Pillar Bed an M77 MKII VT

Discussion in 'Ruger Rifle Forum' started by Flipflop, Oct 28, 2014.

  1. Flipflop

    Flipflop New Member

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    I am going to Pillar Bed my M77 MKII VT in 223, I was wondering if anyone had done it yet?

    I was going to Bed the stock with some epoxy after that.

    I can tell it is going to be challenging, it is clearly more complicated then a standard Remington or Mauser action. I was hoping someone else had some pointers.

    For one mating the front pillar to the action while the glues is still soft and keeping light pressure on it will be tough. (It is at 60* instead of 90*)

    Secondly the rear pillar probably will not clear the back end of the trigger assembly.

    Thirdly it would be nice to pillar bed the center screw but there is very little material in the stock around that screw.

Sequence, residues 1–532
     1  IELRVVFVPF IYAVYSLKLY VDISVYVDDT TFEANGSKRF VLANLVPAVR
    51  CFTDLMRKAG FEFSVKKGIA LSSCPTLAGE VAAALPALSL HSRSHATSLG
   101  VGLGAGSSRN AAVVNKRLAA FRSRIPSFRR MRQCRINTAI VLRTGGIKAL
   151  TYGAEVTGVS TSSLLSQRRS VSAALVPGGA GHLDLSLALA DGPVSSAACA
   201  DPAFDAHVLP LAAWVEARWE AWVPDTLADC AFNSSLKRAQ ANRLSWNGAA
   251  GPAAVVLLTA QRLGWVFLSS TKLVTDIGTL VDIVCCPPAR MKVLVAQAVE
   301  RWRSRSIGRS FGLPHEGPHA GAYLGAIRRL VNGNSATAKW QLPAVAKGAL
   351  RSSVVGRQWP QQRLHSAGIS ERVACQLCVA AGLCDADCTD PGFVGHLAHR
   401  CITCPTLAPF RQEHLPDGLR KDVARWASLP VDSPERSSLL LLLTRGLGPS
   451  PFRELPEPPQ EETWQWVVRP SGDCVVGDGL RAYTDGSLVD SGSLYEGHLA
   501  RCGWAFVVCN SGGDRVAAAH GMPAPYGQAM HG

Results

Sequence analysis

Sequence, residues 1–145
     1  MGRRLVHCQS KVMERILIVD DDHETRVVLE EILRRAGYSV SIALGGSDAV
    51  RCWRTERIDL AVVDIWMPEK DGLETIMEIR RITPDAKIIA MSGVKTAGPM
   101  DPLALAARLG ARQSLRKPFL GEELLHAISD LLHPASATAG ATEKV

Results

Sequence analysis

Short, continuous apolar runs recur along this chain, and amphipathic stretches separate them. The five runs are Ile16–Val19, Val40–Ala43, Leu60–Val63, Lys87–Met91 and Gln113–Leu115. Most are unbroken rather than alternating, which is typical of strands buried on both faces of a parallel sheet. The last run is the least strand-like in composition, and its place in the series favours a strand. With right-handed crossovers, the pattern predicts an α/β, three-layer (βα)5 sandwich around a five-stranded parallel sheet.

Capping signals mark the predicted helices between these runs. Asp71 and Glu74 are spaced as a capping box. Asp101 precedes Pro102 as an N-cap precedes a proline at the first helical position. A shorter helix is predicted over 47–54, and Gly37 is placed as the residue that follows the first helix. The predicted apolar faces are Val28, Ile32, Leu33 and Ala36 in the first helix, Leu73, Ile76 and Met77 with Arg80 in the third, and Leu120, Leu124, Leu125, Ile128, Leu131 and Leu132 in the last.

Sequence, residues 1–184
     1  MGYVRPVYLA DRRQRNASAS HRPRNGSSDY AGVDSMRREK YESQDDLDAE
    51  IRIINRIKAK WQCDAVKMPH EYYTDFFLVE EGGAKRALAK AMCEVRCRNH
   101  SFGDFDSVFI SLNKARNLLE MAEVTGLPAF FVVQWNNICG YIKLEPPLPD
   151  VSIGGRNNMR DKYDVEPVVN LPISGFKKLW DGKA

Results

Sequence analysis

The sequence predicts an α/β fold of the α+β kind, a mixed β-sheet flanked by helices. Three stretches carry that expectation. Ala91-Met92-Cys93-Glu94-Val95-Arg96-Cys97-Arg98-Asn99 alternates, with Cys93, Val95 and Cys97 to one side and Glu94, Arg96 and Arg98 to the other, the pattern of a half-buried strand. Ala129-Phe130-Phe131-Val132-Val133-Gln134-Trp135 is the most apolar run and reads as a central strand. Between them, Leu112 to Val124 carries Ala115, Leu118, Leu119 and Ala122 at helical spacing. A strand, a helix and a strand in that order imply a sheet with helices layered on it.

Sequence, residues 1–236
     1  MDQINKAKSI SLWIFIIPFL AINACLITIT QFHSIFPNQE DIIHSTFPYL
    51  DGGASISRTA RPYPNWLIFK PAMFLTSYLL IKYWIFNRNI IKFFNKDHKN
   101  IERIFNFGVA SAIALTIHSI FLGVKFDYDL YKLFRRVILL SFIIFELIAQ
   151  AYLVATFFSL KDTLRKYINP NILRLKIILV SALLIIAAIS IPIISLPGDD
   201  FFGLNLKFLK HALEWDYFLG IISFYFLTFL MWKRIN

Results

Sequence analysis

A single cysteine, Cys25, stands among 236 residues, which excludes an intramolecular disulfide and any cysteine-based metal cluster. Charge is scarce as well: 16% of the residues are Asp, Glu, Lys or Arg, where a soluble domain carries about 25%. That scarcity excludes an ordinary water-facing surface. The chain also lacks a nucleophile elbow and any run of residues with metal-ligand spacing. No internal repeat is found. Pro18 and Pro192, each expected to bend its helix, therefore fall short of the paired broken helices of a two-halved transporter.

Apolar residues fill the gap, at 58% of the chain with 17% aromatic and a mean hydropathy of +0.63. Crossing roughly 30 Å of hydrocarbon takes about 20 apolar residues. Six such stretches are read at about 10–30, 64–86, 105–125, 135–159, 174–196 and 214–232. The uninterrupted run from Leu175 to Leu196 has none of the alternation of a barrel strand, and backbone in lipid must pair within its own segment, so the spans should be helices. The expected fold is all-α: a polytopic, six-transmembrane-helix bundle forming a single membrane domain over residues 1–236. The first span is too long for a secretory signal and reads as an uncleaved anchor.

As for the epoxy bedding the rest of the stock surface:
    I am wondering if the stock has enough thickness on the sides, and the rear will wind up being a tiny pocket.

    I will post a picture of the stock inlet later
     

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    Last edited: Oct 28, 2014
  2. Flipflop

    Flipflop New Member

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    This is not easy to explain so I marked up the photo, I hope it is legible.
    Since most of us are aware that there is a lot of Ruger haters out on the interwebs, I will take a moment to point out some of the innovations in the design.

    This is not your typical round receiver, all those flat surfaces eliminate any concerns about the rolling in the action bed.

    The 60* front action screw might be a challenge to pillar bed but it does a much better job of clamping on to the stock then your typical 90* screw angle.

    The trust block is integrated in to the receiver at 60* rather then being a separate piece attached to the barrel at 90*.